Despite the optimistic hopes of many electronic publishers and authors, all economic indicators show that traditional publishing isn’t going to disappear, but ebooks are here to stay too. Ebooks are poised to take over many of the roles of the now-struggling small press. Small presses throughout history have flourished when they offered readers something the larger companies didn’t. Electronic publisher Ellora’s Cave has made huge profits by offering erotica, just as Olympia Press did two generations ago. They went places the traditional publishers wouldn’t go, and the readers rewarded them for it. Erotica has been the lifeblood of electronic publishing, and to a lesser extent the traditional small press as well, but there are other types of books that can thrive in an ebook/POD/small press format.
Large publishers tend to be conservative. Paranormal is hot now, so they churn out hundreds of books about vampires and werewolves. Soon they’ll saturate that market and have to find something else. In the meantime, they’re turning down good books just because the subject is a little different. Try getting a Korean hero into a mainstream publishing catalog. Try getting an old-style "farm and family" book published with a major YA publisher. And if you have a book with an unusual setting (
Yes, there are exceptions to all of these, but the vast majority of titles toe the line of what’s safe. The marketing department, not editorial, is what determines which books get published in the mainstream press.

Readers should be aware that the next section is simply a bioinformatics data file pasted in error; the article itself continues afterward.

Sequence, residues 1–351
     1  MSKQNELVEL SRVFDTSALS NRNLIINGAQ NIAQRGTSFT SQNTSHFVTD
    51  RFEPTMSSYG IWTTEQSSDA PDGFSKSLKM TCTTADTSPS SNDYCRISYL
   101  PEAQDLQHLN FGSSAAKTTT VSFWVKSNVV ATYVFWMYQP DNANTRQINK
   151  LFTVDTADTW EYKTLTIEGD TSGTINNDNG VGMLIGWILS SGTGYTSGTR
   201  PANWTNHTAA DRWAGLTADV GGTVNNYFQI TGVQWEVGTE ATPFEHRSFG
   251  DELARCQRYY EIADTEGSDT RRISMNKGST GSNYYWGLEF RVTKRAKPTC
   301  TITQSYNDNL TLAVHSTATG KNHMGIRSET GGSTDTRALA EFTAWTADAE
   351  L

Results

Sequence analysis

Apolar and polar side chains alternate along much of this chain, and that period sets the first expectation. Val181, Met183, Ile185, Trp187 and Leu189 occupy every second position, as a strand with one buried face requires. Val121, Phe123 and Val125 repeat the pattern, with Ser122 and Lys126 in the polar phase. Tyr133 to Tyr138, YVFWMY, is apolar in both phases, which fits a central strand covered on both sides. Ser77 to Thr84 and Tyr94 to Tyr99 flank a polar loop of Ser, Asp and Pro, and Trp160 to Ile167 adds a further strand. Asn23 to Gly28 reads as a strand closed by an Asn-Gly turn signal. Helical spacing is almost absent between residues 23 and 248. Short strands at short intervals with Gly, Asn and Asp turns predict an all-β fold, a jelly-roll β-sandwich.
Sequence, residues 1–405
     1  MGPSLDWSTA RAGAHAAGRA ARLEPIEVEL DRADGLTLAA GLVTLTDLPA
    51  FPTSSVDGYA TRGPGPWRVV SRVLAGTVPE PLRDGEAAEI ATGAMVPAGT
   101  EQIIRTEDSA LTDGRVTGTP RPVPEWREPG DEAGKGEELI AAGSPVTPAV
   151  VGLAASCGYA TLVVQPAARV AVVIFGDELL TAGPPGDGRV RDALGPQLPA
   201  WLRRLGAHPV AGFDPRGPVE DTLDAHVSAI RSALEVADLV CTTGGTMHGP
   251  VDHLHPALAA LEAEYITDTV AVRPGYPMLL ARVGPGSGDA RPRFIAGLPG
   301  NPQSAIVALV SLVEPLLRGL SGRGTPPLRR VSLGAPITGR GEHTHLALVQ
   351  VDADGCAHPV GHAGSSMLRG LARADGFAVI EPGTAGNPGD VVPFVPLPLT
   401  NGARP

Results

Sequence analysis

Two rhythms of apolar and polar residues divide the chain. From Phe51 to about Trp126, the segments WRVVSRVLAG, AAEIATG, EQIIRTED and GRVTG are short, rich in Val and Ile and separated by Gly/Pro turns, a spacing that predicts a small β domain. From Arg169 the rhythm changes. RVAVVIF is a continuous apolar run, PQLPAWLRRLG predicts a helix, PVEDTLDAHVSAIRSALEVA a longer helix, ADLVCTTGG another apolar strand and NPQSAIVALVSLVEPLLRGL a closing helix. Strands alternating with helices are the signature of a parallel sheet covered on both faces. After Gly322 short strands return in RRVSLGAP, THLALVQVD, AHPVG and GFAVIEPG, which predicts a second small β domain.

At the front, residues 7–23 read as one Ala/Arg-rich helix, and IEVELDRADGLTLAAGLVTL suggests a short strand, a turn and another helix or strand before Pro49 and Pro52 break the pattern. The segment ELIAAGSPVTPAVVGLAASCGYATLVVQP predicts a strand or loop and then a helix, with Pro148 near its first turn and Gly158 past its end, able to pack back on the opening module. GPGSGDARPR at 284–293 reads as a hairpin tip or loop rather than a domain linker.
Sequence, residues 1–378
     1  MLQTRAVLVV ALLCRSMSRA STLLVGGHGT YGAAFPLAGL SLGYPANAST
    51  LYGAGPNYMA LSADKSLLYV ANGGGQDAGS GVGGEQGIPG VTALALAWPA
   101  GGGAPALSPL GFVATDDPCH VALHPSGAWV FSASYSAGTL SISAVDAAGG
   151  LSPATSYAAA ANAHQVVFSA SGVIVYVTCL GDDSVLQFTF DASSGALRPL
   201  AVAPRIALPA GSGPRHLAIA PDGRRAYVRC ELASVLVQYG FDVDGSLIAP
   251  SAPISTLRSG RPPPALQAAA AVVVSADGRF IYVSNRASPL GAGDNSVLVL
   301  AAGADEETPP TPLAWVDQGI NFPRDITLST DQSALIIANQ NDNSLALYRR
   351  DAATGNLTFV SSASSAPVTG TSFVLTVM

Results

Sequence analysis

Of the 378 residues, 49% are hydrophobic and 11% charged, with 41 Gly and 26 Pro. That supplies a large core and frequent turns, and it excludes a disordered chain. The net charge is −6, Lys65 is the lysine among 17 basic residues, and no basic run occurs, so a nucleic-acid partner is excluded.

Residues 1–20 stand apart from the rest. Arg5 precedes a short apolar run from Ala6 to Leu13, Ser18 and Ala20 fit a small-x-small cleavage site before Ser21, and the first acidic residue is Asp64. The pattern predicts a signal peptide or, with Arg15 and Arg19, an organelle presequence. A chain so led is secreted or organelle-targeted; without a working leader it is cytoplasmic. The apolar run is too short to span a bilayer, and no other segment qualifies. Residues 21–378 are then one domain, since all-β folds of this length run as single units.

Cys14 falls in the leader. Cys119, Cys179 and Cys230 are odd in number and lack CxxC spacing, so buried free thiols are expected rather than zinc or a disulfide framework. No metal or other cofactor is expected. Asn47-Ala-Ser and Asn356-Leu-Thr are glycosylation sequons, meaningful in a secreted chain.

Not that I can really blame them. They made $25 billion last year in the
I think epublishing and the small press has a niche with the books that wouldn’t otherwise see the light of day, the books that don’t quite fit. Too many of the smaller publishers churn out cheap imitations of mainstream books, when they really should be trying to grab the readers who mainstream houses leave behind. The small press can never move forward if it is trying to directly face off with the big boys.
The small press can thrive only if it offers something different. And those small publishers that have realized this are the ones rising to the top.
Why is the bulk of fiction set in
Editors need to get authors who skew the reader’s perceptions, who break the boundaries and mores of the genre. They need to publish books that make the reader say “Wow, I’ve never read something quite like that before!” and then look through the catalog to find another book that will make them say the same. The small press also needs to nourish the older subgenres that have been discarded by the mainstream press but still have a readership.
The small press should not be a smaller imitation of the major publishing houses. It should offer something different. Some publishers are already doing this, and they’re already reaping the benefits.